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Opinion: It’s time to Acknowledge Student Burnout

Jimmy Simpson

Contributing Writer


Art by Maille Olgyay

One of the most common complaints expressed by bearcats is the semester structure at Willamette. As both a private liberal arts college and an institution that espouses high academic standards, Willamette university designs its semesters to be demanding and rigorous. The workload is intense and expectations relating to class attendance and participation are strict. While this framework does produce consistently high achievers, many bearcats, including me, have struggled to navigate burnout come the end of the semester.


Willamette’s fall and spring semesters (for the 2022/23 academic year) run from late August to December and January to early May, respectively. In both cases, this amounts to an almost four-month schedule of solid, uninterrupted school work (excluding holidays), with a week-long break being the only respite offered during each. Some might suggest that students who apply to study at Willamette know what they are getting into, and that the prestige and employment opportunities that come with this justify the rigor. But the long semesters take their toll, both on bearcats’ mental, as well as physical, health. As an international student who is accustomed to a much more lenient study model, during my time at Willamette I have felt the effects of burnout particularly severely. The weekly homework assignments, compounded by the extensive reading required of a history major, have frequently left me feeling mentally exhausted and without the energy to socialize or pursue other interests outside of my studies.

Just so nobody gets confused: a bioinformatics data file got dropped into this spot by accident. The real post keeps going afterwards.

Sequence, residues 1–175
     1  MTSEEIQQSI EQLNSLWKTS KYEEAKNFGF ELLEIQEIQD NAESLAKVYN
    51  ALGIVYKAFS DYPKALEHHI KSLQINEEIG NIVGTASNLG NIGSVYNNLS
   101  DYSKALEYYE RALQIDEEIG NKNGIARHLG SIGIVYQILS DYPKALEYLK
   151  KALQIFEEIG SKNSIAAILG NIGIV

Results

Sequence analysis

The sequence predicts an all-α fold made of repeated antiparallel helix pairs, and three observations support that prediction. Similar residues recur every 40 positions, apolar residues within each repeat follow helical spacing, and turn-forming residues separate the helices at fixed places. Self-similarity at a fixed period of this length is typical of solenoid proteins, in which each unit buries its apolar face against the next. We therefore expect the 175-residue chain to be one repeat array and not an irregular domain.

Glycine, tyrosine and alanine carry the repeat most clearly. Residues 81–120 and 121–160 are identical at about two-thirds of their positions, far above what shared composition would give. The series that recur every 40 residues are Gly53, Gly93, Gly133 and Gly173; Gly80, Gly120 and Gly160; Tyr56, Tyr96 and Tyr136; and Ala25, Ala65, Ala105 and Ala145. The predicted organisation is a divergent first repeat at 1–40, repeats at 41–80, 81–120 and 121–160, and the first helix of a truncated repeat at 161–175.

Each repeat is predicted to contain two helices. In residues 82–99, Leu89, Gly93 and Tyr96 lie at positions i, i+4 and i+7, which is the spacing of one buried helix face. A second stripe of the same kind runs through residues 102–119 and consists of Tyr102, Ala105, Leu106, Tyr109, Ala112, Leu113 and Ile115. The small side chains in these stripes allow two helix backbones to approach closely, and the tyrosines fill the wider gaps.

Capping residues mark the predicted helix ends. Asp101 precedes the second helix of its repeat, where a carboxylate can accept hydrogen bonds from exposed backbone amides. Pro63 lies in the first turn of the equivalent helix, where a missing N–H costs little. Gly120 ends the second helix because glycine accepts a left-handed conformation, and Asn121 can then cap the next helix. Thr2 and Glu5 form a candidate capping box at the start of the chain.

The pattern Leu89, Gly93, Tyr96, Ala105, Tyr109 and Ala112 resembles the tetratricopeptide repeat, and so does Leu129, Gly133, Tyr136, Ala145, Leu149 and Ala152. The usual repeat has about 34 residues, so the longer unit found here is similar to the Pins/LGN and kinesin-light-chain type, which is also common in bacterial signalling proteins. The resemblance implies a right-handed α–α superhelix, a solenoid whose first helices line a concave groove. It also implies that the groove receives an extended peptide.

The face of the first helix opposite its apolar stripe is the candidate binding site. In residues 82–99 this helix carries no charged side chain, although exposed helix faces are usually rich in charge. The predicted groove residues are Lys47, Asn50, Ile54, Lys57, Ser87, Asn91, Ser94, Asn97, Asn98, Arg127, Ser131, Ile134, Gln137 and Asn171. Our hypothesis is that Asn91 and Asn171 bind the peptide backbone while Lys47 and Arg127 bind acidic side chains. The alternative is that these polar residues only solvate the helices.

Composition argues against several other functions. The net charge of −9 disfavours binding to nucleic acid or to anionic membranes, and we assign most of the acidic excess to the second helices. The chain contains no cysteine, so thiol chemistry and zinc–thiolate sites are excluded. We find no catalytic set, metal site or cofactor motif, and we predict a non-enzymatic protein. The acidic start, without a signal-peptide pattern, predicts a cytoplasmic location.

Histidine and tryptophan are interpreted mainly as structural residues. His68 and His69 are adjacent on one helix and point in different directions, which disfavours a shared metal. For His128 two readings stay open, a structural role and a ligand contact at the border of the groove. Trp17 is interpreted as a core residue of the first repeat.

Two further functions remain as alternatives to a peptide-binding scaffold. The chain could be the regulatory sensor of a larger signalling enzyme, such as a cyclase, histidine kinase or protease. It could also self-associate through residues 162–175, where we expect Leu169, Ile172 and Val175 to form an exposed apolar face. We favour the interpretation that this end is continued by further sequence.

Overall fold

I am far from alone in experiencing this; friends and even some professors have acknowledged that there is a problem. While primarily an academic issue and resulting from overwork and overstudy, burnout is often exacerbated by the additional, extracurricular commitments that many bearcats take on. High expectations both in and outside the classroom have pushed several friends to burnout on several occasions, creating unhealthy levels of stress and anxiety and, consequently, having a negative effect on their academic attainment. It can be a vicious cycle, one that not only spoils the university experience but has forced several bearcats (myself included) to seek help and support through Willamette’s counseling services. Simply put, it should never get to the point that young people must sacrifice their own mental health and happiness for their education or career prospects.